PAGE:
itself are beyond the scope of this paper, but can be found here22. In this paper, we are interested in using this estimate to
obtain the translational flow for performing the task of mental rotations.
3.2 Estimation of Translational Flow
The translational flow is the optical flow that is obtained if the camera were under pure translation. However, if the
camera is undergoing complex motions, the optical flow is a combination of multiple components each of which
corresponds to a specific motion component. We are interested in obtaining the optical flow corresponding to translation
by decomposing the total optical flow.
We define the problem with the following example. Consider the case when a new object is introduced into a scene
where the basis flows have already been learned. Our goal is to obtain an abstract spatial representation either in the
form of a depth map or any other representation that captures the spatial details of the object. From Eq. (1), we know that
the optical flow corresponding to translation carries all the information on the scene depth. Hence, we are interested in
obtaining the translational flow on this object as a result of a complex camera motion.
In order to get the translational flow, we cannot directly use Eq. (2). This is because the translational basis flows carry no
information on the new object, since the basis flows are learned without the objects in the environment. However, we
exploit the fact that rotational bases are scene independent to obtain the net rotational flow by linearly combining the
rotational bases after weighting them by the estimated rotational velocity.
We first obtain the total flow using a TV-L1 dense flow model23. This has the advantage that it is scalable to parallel
architectures and can be computed quickly using commodity graphics processing hardware. We then subtract the net
rotational flow from the total flow to obtain the flow corresponding to pure translation. Figure 3 shows the pipeline for
obtaining the translational flow. We can see from the net estimated rotational flow that it has no information on the
structure of the scene. Once the rotational flow is subtracted from the total flow, the structure become more evident in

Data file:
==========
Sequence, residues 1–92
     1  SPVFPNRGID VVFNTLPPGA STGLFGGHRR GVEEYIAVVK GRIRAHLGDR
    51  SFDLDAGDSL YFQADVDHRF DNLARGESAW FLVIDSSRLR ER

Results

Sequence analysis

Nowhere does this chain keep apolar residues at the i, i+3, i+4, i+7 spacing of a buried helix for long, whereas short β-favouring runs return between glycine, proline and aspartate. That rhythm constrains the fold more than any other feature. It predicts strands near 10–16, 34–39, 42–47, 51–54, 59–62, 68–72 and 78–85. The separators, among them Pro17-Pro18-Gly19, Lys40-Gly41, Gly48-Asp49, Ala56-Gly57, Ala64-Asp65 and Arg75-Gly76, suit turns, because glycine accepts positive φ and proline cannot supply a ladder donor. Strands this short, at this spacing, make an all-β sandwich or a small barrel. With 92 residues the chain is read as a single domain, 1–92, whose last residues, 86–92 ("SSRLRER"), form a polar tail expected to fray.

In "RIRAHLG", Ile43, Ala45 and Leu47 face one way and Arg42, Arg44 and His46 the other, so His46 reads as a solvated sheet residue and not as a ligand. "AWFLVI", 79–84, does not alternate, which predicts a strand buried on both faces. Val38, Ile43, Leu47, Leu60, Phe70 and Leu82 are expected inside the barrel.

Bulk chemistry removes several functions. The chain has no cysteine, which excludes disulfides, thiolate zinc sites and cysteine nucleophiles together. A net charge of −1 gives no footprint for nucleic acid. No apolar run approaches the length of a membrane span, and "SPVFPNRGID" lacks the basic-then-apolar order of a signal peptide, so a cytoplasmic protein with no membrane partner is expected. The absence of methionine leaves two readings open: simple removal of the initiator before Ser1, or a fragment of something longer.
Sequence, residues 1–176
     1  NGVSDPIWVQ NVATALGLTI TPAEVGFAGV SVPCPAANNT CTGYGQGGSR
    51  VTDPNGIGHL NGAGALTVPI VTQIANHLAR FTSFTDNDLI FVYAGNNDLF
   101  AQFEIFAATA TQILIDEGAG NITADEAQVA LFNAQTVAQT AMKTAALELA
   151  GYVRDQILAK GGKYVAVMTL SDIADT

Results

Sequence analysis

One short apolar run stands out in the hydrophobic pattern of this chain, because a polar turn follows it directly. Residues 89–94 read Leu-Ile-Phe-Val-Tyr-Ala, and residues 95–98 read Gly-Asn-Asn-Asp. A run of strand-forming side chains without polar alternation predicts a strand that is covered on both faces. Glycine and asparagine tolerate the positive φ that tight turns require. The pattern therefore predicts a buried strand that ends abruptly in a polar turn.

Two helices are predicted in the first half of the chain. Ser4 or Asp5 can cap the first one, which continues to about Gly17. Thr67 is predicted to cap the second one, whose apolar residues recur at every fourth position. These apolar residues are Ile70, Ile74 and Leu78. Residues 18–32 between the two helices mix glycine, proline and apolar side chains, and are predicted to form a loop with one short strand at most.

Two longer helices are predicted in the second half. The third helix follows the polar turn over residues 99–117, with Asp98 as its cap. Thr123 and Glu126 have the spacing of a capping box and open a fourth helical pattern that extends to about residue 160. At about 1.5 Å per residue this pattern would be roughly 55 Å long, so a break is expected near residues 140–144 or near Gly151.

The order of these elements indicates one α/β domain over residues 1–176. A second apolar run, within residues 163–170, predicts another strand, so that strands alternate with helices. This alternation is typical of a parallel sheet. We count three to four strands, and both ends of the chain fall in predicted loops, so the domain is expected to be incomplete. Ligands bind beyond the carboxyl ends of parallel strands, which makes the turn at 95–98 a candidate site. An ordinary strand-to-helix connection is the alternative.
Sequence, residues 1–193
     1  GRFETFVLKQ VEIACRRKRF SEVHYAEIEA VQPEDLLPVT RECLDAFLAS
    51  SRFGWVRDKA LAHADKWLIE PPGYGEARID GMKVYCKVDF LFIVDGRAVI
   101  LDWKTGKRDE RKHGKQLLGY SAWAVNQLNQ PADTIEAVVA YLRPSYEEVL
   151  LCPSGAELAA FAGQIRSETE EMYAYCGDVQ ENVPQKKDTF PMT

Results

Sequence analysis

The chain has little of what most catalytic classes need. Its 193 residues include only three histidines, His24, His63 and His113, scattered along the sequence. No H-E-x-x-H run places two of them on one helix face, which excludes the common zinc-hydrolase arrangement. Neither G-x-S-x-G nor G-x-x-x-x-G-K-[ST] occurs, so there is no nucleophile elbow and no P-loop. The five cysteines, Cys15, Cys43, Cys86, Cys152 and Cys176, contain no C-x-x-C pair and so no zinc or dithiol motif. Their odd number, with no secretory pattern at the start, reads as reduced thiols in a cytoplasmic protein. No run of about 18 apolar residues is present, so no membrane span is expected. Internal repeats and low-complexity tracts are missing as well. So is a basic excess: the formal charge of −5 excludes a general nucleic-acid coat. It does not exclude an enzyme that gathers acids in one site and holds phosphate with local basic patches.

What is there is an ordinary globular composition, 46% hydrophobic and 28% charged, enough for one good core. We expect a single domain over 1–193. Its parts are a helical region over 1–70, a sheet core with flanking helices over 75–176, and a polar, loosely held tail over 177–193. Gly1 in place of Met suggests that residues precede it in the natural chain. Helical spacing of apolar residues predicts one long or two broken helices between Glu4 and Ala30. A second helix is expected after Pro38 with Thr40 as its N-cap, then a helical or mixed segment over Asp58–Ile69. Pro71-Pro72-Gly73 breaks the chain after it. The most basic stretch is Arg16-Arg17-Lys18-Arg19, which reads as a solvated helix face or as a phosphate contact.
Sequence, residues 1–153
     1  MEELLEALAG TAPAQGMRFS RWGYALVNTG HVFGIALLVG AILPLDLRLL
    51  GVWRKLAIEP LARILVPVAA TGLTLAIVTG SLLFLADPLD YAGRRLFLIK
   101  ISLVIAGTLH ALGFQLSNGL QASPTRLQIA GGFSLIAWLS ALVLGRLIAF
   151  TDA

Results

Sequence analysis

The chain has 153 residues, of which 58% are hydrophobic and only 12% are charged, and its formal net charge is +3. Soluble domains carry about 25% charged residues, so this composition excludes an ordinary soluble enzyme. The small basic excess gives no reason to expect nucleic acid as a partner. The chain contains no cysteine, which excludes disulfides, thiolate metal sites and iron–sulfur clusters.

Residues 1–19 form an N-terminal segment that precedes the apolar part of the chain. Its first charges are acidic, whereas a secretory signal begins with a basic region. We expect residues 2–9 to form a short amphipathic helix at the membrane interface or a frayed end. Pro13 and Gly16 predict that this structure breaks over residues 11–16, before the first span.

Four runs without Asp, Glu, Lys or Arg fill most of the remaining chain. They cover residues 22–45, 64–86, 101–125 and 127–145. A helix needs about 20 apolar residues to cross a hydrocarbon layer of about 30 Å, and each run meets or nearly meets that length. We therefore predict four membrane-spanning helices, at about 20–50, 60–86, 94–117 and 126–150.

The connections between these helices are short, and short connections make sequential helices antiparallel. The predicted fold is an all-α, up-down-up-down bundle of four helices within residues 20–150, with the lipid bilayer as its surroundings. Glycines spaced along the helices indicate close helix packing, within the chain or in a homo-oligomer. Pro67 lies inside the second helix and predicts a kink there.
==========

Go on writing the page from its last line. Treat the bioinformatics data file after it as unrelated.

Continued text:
the obtained translational flow. We can further use the translational flow to get refined depth maps within the GPU by
exploiting the linear constraint that exists between inverse depth, d and the translational flow.
To compute mental rotations in the context of our system, we need to determine the rotational and translational offset of
a target scene between a view from the robot’s current position and a similar view from its goal location. In a high-level
sense, this requires us to recognize the scene in both images, determine which parts of the scene are equivalent between
images, and then compute the transformations that could be applied to the current image to align it with the goal image
spatially (Fig. 4).
Rather than attempting to encode every possible element of the scene, we are currently using an abstract representation
that is composed of lines found along the outlines of the objects visible in the scene. In previously reported research4, we
have used occupancy grids24 derived from depth information as the underlying representation for rotation and
correlation, but this required the projection of the depth imagery into the ground plane, which is not cognitively
plausible. Working with lines within the image, as posited in some cognitive approaches to mental rotation25, is more
consistent with our stated goal of primate-inspired navigation.
Figure 3. (a) Input image stream. (b) Computed total, TV-L1 flow. (c) Computed translational flow. (d) Estimated egomotion of
camera (axes showing the components). (e) Computed rotational flow, obtained by a weighted linear combination of the rotational
bases. (f) The rotational basis flows corresponding to pitch [yellow] and yaw [blue]. (g) Optical flow color wheel showing conversion
from color space to vector space.
Figure 4. Abstract view of primate inspired mental rotations. Note the vectorial representations common to optic flow, mental
rotation, and motor control.
Once the scene has been parsed into such an abstract representation and the equivalent components have been
determined between current and goal imagery, recovering the rotational and translational transformations necessary to